“I’m not relaxed, that’s for sure. I’m very conscious of the impression I may give. I’m not scared to my wits end that something bad might happen, but I’m definitely alert and conscious around them,” Sterling said. “Unfortunately, I trust them less. Had I not gone through my experiences and just heard about the experiences of others, then I would trust them more. Some cops are great, some cops are bad. But you go through these biased experiences, not just hear about them, so you trust them less.”

Joshua poses with his mother, Dawn Davis, for a photo. Photo courtesy of Joshua Sterling

Not only is Davis’ perception of law enforcement influenced by her individual experiences, her view is also affected by stories of police aggression from her African-American relatives and friends.

“It makes me anxious. After witnessing that event with [Joshua’s dad] and hearing stories from my grandparents, my father, my brother, my friends—it makes me anxious. It makes me afraid to get pulled over because I don’t know if I am going to be treated fairly,” Davis said.

Joshua is aware of his parents’ encounters with law enforcement; however, he believes he has “no real reason to fear a police officer” and continues to support them despite hearing numerous stories of police brutality.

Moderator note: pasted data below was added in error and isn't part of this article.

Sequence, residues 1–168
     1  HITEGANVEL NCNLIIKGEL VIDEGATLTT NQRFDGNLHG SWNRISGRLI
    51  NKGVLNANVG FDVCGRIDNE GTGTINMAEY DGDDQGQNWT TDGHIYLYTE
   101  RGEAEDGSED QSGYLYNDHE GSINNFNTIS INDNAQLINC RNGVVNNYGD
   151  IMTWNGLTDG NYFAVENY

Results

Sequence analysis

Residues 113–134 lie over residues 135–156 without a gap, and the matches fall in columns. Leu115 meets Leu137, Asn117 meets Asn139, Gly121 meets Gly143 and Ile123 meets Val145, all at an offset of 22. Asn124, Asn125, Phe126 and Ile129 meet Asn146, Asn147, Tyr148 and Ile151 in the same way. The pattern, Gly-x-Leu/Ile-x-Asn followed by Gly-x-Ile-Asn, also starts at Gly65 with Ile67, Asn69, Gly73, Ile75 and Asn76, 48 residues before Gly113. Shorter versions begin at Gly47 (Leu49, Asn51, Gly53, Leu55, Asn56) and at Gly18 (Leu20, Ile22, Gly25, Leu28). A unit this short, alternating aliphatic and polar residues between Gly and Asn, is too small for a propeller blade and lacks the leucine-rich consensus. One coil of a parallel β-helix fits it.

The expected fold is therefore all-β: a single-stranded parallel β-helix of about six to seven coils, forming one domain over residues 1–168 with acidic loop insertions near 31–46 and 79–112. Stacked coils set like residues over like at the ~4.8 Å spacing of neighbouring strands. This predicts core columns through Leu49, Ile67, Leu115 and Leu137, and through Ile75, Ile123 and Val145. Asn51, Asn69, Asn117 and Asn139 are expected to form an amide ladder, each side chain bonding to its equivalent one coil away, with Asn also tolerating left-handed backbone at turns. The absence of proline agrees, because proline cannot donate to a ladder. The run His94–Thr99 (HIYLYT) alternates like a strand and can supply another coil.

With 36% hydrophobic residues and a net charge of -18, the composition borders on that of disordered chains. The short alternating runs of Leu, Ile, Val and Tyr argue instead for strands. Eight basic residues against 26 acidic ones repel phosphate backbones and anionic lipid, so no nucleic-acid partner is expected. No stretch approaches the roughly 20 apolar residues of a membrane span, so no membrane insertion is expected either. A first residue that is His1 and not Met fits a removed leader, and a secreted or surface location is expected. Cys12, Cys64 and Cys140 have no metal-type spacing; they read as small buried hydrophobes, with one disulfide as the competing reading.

“I may condemn the instances of police brutality in the past few years, but that doesn’t mean I can’t support the men and women who put their lives on the line in the line of duty,” Joshua said. “It’s really sad to see that we live in a world where this sort of stuff happens, and it’s sad to know there are bad police officers who exist, but it doesn’t reflect the police department as a whole.”

Davis attributes Joshua’s attitude to his upbringing. Raised in a “good area” with a “diverse group of friends and family members,” Joshua is unable to “take the situation seriously until he sees someone in his age group experience it or until he experiences it himself,” according to Davis.

“[Joshua] has to realize that a lot of people don’t know where he comes from. They don’t understand his background or his upbringing. They are going to assume by the color of his skin or the car that he is driving or the clothes that he is wearing that he could possibly be a threat. He doesn’t quite understand that yet because he hasn’t been around it,” Davis said.

Sterling agrees with Davis’ sentiments, but he believes that in spite of the diverse community his son grew up in, Joshua is not “immune” to racial bias from the police.

“He’s not nearly as exposed to the possibility of this as he would be if he lived in, say, Compton. Even though it’s unlikely that he is going to be caught up in this, he can be,” Sterling said. “Trayvon Martin was walking through suburbia. He wasn’t walking through Compton. It does happen. It could happen.”